Rob Raeside is a graduate of Aberdeen (BSc 1976), Queen’s (MSc 1978), and Calgary (PhD 1982). He worked on ‘kimberlites’ in Montreal (although Roger Mitchell might object to the word kimberlite here!) and migmatites in British Columbia for his thesis studies.
He started teaching at Acadia in 1982, and has been there ever since, serving as head of geology since 1995. His research interests are primarily in metamorphic petrology and tectonics. When he started at Acadia, he planned to work on the petrology of Cape Breton metamorphic rocks. However, the first day in the field demonstrated that he had to map the area first – the undifferentiated schists and gneisses turned out to be diorites and tonalites. Thus began a 10-year period of mapping and investigating the structural geology and tectonics in the core of the Appalachian Orogen.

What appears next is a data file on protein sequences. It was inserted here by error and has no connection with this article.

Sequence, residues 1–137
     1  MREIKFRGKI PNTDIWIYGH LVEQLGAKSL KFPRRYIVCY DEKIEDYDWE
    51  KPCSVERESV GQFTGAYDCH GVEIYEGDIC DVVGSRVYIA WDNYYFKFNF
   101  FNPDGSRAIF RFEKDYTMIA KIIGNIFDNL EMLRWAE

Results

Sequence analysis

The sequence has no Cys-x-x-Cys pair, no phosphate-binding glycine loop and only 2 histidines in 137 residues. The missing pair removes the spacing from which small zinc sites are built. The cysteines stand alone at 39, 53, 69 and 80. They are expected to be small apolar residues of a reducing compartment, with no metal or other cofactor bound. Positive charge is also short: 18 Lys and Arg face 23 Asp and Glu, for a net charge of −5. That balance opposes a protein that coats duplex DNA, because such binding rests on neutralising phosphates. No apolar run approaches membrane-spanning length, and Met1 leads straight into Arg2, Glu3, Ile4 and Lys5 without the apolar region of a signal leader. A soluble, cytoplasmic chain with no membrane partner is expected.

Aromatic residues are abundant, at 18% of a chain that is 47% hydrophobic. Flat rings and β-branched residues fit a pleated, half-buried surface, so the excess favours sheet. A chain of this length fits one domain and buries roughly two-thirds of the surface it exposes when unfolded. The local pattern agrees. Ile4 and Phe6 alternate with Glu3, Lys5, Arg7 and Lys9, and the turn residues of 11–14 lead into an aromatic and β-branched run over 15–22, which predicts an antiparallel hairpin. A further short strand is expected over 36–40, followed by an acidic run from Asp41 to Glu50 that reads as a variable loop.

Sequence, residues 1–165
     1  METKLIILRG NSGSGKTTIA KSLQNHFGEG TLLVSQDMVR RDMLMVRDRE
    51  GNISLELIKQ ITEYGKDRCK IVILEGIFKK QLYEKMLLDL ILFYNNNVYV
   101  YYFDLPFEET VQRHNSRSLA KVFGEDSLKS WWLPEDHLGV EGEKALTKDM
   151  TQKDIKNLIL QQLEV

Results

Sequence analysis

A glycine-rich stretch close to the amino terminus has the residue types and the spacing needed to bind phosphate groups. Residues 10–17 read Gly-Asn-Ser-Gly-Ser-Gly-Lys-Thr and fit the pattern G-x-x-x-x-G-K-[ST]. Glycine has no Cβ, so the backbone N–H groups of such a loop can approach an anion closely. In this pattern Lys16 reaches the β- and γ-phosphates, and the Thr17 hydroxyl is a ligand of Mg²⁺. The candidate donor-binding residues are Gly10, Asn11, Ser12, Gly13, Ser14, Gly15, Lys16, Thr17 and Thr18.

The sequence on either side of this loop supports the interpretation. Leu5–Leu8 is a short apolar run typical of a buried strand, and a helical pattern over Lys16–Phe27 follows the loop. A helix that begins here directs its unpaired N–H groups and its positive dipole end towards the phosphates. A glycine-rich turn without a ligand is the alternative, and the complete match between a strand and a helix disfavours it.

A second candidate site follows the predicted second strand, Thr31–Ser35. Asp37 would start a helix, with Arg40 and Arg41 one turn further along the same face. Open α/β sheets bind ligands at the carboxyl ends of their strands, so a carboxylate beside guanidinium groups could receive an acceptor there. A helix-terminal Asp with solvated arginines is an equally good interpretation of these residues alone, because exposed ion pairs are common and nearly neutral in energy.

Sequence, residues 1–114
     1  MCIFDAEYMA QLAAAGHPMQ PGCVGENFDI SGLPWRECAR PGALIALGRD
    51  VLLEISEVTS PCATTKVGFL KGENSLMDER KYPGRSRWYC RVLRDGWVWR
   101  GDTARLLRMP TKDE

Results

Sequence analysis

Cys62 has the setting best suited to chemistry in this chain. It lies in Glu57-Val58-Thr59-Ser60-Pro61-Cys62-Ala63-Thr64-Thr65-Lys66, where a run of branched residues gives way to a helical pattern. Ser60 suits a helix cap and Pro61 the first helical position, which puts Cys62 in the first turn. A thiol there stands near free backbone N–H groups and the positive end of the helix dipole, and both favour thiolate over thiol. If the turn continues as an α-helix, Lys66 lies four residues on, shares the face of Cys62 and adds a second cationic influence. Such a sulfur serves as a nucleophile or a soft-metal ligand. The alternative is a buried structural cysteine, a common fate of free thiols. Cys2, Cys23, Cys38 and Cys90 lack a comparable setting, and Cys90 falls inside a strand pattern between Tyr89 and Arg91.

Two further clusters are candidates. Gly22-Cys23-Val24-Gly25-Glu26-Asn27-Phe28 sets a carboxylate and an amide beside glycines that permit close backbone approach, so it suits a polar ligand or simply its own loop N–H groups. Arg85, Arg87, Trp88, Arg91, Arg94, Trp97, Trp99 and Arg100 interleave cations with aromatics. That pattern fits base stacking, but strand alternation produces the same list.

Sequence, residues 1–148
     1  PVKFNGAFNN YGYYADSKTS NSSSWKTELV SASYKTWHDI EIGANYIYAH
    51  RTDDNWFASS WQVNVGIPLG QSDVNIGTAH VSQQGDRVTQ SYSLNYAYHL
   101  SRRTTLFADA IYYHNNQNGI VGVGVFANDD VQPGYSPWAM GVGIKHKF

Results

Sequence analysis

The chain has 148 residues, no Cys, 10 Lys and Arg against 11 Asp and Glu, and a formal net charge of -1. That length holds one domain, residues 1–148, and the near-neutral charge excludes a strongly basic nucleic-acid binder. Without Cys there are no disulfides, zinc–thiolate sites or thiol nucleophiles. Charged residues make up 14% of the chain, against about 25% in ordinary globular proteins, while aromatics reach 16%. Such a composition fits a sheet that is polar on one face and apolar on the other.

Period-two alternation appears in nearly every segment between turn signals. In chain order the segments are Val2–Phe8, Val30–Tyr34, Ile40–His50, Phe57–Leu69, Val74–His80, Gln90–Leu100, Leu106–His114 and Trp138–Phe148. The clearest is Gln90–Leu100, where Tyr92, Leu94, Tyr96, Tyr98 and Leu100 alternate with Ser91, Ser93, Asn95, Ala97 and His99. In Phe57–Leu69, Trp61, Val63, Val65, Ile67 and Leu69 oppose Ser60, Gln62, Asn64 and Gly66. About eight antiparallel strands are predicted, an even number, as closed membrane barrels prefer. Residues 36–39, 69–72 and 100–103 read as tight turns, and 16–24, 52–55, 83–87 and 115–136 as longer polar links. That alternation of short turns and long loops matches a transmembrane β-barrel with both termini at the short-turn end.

Through his graduate students, he has also maintained an interest in the low-pressure regional metamorphism and contact metamorphism of the highly aluminous rocks of the Meguma terrane in southern Nova Scotia.
Rob Raeside became editor of the short course volume series of the Mineralogical Association of Canada in 1999.